The S&P BSE Sensex opened at 26,488 while NSE’s CNX Nifty opened at 7,898. The benchmarks hit their high at the beginning of the session at 26,570 and 7,943, respectively. After hitting, the day’s low at 26,250 and 7,843, both the Sensex and Nifty closed near that level. Sensex closed at 26,272 (down 296 points or 1.11%), while Nifty closed at 7,852 (down 93 points or 1.17%). Both the indices closed at its lowest since 14 August 2014.  NSE recorded a volume of 76.91 crore shares. India VIX rose 11.25% to close at 14.4625.


In the twice-a-year South Asia Economic Focus, the World Bank said that India's economy will expand by a real 6% in 2015 and by 6.4% in 2016 compared to 5.4% this year, potentially making it the second fastest growing region in the world after East Asia and the Pacific. The Indian economy, 80% of the region's output, is set to grow by 6.4% in fiscal year (FY) 2015/16 after 5.6% in FY2014/15, the World Bank said. India is benefiting from a "Modi dividend", the World Bank report said, with economic activity buoyed by expectations from the newly elected government of Prime Minister Narendra Modi.


The CII Business Confidence Index (CII-BCI) for July-Sept quarter of FY15 shot up to 57.4, up from 53.7 in April-June quarter and 49.9 in Jan-March quarter. During the same quarter last fiscal, the index had touched the all-time low value of 45.7. The result of the 88th Business Outlook Survey based on responses from over 150 industry members was declared on Monday.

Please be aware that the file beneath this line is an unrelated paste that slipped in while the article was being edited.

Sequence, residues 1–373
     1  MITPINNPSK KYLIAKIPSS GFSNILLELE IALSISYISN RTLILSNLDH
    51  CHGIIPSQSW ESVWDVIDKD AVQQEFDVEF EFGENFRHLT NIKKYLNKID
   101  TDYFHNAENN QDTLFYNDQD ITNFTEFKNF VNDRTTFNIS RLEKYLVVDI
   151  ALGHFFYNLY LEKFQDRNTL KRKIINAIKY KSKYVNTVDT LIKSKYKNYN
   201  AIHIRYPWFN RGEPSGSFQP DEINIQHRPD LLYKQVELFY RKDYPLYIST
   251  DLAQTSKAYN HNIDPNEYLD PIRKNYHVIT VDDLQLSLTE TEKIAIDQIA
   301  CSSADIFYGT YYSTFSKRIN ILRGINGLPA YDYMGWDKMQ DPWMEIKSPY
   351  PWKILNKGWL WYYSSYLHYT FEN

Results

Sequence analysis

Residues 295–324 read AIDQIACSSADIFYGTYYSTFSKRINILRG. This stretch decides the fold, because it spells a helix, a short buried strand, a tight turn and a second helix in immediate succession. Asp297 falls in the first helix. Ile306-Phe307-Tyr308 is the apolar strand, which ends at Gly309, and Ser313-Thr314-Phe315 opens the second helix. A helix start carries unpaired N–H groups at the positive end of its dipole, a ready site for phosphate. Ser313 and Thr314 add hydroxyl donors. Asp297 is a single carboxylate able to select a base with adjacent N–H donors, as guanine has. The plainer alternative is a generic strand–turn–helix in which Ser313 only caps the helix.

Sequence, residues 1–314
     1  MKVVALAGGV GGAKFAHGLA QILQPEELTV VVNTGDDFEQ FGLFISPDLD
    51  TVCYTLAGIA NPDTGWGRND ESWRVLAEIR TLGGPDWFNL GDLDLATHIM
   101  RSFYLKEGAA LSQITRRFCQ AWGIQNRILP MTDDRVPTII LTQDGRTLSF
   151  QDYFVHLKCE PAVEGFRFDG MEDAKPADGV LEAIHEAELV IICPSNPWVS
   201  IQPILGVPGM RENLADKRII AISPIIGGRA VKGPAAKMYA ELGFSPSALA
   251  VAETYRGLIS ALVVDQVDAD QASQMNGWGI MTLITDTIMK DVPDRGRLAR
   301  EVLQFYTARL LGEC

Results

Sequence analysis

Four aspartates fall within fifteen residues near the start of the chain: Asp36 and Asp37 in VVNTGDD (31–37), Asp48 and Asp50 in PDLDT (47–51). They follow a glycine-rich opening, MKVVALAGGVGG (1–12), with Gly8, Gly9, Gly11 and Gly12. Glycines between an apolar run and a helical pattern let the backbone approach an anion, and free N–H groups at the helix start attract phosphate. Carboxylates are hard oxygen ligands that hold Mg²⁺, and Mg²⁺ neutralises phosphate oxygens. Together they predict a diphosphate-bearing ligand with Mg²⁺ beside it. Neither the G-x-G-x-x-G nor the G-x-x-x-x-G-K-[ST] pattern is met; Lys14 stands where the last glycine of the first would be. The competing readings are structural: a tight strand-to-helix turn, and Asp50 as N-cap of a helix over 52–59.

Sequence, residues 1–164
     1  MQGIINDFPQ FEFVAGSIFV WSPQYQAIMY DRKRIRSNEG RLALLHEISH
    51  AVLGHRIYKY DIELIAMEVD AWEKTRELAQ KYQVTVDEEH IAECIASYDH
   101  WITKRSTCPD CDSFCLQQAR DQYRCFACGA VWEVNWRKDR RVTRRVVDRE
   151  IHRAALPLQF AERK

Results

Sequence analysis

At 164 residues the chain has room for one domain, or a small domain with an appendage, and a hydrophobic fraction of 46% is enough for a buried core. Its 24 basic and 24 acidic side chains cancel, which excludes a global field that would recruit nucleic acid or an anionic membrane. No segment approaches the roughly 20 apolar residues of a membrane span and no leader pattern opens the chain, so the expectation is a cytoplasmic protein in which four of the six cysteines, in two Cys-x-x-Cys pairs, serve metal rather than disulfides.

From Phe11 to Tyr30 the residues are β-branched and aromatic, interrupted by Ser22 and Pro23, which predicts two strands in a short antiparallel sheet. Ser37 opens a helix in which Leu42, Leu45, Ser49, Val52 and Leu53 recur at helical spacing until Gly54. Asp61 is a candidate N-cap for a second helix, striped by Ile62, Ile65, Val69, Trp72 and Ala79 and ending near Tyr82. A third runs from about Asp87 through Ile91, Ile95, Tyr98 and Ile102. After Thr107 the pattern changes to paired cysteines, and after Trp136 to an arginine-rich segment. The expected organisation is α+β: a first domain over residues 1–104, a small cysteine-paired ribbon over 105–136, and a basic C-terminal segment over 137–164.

Growth in services activity picked up pace in September as order books filled up at a faster rate, a business survey showed on Tuesday. The HSBC Services Purchasing Managers' Index (PMI), compiled by Markit, rose to 51.6 in September from 50.6 in August, reversing a slowdown seen in the previous two months. The new business sub-index climbed to 52.4 from 51.9, signalling robust demand. India's annual consumer price inflation eased in August to 7.80% from 7.96% in July. Wholesale prices also rose at a slower clip during that month.


NTPC (1.19%) was the top gainer in the Sensex 30 pack. A Memorandum of Understanding has been entered on 1 October 2014 amongst the Ministry of New and Renewable Energy, National Institute of Wind Energy and consortium of partners consisting of NTPC (as lead partner), Power Grid Corp, Power Finance Corp, Indian Renewable Energy Development Agency, PTC India and Gujarat Power Corp. All the partners would undertake development of offshore wind power projects and its evacuation and integration into the grid though a joint venture company.


Hindalco (4.35%) was the top loser in the Sensex-30 stock. In response to the news item regarding cancellation of approval of SEZ of the company's aluminium projects in Orissa, Hindalco clarified that that the company had initiated setting up of two Aluminium Projects under SEZ Scheme but later it was observed that establishing the projects under domestic tariff area was more attractive for the company. Accordingly, it has decided to exit from the SEZ Scheme and established the projects under DTA.


GMR Infrastructure (11.24%) was the top gainer in ‘A’ group on the BSE. The first 685 MW unit of GMR Chhattisgarh Energy Limited’s (GCEL) 1370 MW supercritical coal-based thermal power plant at Raikheda in Chhattisgarh’s Raipur District has successfully achieved synchronisation with the grid on 2nd October, 2014. GCEL is the GMR Group’s first supercritical coal-based thermal power plant.


Den Networks (8.54%) was the top loser in ‘A’ group on the BSE. The stock closed at its lowest since 5 March 2014 today. It continued to fall for the second day today after its CEO, SN Sharma, resigned due to personal reasons with immediate effect.